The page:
October Awareness: Menopause & Animal Safety and Prevention
I’m not sure if anyone has tackled the topics of menopause and animal safety and protection in the same blog, but they do have something in common. October is both World Menopause Month and National Animal Safety and Protection Month.
Okay, there are lots of other things to write about that occur in October — like Breast Cancer Awareness Month, National Sudden Infant Death Syndrome Awareness Month, National Stamp Collecting Month, National Pretzel Month, and National Domestic Violence Awareness Month — all topics important to us, but we chose these two.
All About Menopause
Those of you of a certain age may remember an episode of the beloved TV show, “All in the Family,” where Archie was told Edith was irritable because she was going through “the change of life.” He became frustrated when he found out she couldn’t complete it in 30 seconds. In the same episode, Edith has this great line: "When I was a young girl I didn't know what every young girl should know, now I'm gonna be an old lady and I don't know what every old lady should know!"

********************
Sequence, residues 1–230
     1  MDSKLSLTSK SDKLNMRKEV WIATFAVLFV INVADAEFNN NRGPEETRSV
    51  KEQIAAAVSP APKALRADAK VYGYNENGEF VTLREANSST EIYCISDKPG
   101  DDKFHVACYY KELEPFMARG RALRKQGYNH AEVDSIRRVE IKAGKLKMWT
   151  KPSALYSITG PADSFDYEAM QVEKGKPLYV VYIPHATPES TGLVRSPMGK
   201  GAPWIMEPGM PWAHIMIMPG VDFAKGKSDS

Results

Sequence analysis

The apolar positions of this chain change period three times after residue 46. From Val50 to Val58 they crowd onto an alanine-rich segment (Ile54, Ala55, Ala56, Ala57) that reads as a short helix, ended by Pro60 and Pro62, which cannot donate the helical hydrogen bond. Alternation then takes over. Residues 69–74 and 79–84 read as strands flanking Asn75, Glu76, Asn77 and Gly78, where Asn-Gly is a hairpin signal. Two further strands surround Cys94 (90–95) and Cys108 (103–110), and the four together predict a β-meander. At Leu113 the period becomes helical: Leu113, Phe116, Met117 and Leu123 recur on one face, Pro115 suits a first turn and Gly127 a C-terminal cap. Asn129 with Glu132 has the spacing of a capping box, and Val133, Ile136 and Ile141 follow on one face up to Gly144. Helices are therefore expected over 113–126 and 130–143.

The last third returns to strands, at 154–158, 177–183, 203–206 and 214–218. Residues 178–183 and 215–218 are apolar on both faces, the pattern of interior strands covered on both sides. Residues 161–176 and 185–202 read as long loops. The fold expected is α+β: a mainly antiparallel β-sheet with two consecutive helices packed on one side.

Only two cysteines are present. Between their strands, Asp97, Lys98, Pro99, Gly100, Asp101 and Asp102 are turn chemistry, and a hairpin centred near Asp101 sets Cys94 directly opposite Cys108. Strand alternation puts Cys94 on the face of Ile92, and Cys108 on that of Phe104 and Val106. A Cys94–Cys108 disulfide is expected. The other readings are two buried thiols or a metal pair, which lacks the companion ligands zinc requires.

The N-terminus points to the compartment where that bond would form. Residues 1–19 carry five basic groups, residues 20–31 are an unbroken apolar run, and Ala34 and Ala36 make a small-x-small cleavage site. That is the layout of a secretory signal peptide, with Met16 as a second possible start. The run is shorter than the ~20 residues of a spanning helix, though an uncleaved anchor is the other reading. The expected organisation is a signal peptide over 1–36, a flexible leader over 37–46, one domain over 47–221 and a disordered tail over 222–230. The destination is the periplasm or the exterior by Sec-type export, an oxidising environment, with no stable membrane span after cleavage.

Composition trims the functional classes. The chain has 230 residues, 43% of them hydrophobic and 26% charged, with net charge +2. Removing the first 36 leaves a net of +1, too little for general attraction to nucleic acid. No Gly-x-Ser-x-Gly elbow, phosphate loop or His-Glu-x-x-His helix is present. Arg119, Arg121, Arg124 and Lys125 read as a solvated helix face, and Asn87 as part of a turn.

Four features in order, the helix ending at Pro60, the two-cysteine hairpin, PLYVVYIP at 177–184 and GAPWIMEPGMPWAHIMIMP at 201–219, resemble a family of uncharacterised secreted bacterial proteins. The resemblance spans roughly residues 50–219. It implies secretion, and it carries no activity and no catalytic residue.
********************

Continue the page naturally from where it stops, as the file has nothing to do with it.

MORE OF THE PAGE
This 1972 comedy illustrated how little both sexes knew about menopause back then, but I’m not sure we’ve come too far in all the years since. Although the subject is a bit more mainstream, perhaps, it’s still somewhat shrouded in secrecy and a good many old wives’ tales.
You’d think that as a 60-year-old woman, I’d have some personal experience with menopause — but I don’t think I do. The reason I’m not sure is because no one ever told me what to expect, maybe because it’s different for everyone. Not to get too personal — but we are talking about menopause — it’s been a long time since I needed to purchase tampons, but I haven’t experience any of menopause’s dreaded symptoms.
I recall having a few nights where I was abnormally sweaty, but that was about it. I did wonder when talking to a slightly older friend if feeling a little warm was a hot flash; she laughed and said, “honey, you’d know if you were having a hot flash.” A few other friends have seconded that thought.
So, I guess I was among the lucky women who have no menopause horror stories to tell. Other than those few night flashes, I “missed out” on anxiety, insomnia, headaches, moodiness, weight gain, joint pain, low sex drive, increased cardiovascular risk and hot flashes. I am aware, however, that in the decade past menopause — which is defined as a full year without having a period — I’m more vulnerable to chronic diseases like osteoporosis, cognitive decline and cancer.